Audio-Visual Scene Analysis with
Self-Supervised Multisensory Features

Andrew Owens     Alexei A. Efros    
UC Berkeley

     
We apply our self-supervised audio-visual representation to sound localization,
action recognition, and on/off-screen audio-visual source separation.


The thud of a bouncing ball, the onset of speech as lips open — when visual and audio events occur together, it suggests that there might be a common, underlying event that produced both signals. In this paper, we argue that the visual and audio components of a video signal should be modeled jointly using a fused multisensory representation.We propose to learn such a representation in a self-supervised way, by training a neural network to predict whether video frames and audio are temporally aligned. We use this learned representation for three applications: (a) sound source localization, i.e. visualizing the source of sound in a video; (b) audio-visual action recognition; and (c) on/off-screen audio source separation, e.g. removing the off-screen translator's voice from a foreign official's speech.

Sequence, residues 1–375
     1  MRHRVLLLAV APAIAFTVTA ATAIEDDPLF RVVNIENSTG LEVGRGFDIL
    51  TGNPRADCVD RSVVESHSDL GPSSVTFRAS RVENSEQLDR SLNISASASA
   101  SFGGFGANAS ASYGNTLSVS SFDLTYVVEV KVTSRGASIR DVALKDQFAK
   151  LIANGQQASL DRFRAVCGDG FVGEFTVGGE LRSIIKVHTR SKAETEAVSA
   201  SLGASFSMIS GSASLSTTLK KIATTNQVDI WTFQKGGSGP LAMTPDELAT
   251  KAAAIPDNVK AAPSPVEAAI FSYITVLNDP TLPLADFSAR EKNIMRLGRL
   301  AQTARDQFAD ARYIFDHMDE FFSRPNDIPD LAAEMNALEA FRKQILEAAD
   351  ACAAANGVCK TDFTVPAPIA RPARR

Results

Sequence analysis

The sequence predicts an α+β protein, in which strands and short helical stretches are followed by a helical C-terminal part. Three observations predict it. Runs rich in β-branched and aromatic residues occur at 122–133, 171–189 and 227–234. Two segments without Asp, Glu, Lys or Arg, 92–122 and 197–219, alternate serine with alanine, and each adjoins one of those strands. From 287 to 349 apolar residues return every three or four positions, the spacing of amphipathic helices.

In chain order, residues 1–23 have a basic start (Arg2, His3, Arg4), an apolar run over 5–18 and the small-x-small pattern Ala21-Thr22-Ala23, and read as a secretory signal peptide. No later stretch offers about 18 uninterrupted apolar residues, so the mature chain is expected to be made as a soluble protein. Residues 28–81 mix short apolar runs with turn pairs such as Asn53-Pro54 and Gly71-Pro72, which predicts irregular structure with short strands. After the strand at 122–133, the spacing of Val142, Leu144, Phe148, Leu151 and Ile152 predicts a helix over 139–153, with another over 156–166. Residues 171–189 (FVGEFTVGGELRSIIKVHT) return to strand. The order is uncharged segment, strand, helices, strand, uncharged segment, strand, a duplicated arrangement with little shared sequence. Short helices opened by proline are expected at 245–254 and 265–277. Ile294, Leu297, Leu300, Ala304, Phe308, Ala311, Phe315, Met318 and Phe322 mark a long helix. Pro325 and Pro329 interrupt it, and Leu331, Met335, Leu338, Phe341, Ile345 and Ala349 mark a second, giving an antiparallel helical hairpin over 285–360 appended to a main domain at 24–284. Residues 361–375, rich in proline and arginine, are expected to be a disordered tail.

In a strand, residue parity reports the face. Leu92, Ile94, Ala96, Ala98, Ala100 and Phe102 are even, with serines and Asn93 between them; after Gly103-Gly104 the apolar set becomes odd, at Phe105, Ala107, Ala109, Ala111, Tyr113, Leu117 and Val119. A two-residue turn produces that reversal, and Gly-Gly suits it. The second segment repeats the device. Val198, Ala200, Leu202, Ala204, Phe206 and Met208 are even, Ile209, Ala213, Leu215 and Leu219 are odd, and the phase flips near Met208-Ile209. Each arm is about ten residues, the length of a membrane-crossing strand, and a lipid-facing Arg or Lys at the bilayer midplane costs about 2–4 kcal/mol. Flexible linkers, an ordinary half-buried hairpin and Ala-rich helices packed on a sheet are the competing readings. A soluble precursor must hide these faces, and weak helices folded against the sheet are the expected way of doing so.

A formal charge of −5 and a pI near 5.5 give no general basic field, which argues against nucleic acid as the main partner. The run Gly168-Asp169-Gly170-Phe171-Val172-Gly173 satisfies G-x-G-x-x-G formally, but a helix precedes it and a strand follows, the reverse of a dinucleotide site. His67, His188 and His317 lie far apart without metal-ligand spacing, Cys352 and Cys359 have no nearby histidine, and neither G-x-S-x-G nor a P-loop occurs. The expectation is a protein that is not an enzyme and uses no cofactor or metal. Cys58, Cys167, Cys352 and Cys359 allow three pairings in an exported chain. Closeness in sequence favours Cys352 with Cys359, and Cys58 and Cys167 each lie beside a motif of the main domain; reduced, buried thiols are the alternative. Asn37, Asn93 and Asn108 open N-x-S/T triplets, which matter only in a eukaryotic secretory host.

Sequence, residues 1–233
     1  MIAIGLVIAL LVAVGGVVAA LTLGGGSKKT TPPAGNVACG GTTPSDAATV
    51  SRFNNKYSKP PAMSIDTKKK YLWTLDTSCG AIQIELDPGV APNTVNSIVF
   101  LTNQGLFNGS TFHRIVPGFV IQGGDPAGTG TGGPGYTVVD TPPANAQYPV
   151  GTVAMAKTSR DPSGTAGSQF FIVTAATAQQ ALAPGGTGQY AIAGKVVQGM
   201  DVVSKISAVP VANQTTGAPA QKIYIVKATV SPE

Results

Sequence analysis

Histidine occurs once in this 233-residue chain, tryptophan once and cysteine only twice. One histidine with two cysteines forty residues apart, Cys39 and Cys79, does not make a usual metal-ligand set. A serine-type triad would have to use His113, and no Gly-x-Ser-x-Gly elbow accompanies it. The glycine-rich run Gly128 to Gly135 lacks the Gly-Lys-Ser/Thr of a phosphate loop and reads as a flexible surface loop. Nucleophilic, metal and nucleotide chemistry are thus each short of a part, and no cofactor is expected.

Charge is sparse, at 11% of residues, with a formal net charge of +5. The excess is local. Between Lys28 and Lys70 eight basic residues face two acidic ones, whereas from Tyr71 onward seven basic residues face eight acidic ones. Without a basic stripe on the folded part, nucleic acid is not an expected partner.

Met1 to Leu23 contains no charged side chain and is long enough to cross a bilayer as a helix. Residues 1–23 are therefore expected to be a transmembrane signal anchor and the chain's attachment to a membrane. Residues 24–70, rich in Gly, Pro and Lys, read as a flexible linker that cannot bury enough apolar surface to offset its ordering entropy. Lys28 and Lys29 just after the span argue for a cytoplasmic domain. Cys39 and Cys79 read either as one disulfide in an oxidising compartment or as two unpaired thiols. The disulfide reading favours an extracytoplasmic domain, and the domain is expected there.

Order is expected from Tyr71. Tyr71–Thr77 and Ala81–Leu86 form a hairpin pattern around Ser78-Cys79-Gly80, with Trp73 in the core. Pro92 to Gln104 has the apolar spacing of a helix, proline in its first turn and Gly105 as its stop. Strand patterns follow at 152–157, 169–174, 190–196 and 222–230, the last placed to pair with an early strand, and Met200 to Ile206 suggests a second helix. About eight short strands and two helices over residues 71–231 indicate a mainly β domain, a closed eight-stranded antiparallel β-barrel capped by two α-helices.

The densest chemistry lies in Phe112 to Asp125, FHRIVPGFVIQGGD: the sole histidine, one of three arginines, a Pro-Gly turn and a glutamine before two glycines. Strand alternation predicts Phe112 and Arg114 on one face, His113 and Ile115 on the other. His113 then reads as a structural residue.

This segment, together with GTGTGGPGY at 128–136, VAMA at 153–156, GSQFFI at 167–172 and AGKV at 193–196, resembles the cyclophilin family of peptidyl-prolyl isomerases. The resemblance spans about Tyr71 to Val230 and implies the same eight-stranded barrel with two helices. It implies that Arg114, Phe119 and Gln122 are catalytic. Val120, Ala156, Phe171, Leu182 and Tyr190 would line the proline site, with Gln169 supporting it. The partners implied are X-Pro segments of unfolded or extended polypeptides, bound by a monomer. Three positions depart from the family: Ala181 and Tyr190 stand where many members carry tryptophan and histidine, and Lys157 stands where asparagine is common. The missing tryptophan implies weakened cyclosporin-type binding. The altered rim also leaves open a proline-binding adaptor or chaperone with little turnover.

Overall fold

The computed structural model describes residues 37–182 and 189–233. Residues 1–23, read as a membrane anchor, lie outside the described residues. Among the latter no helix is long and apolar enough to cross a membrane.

Code available!








We learn a fused audio-visual representation through self-supervision, by training a neural network to predict whether audio and visual signals are temporally aligned.

 Download Paper
Slides: keynote
Poster: pdf
Code here!



Concurrent work

Concurrently and independently from us, a number of groups have proposed closely related — and very interesting! — methods for source separation and sound localization. Here is a partial list: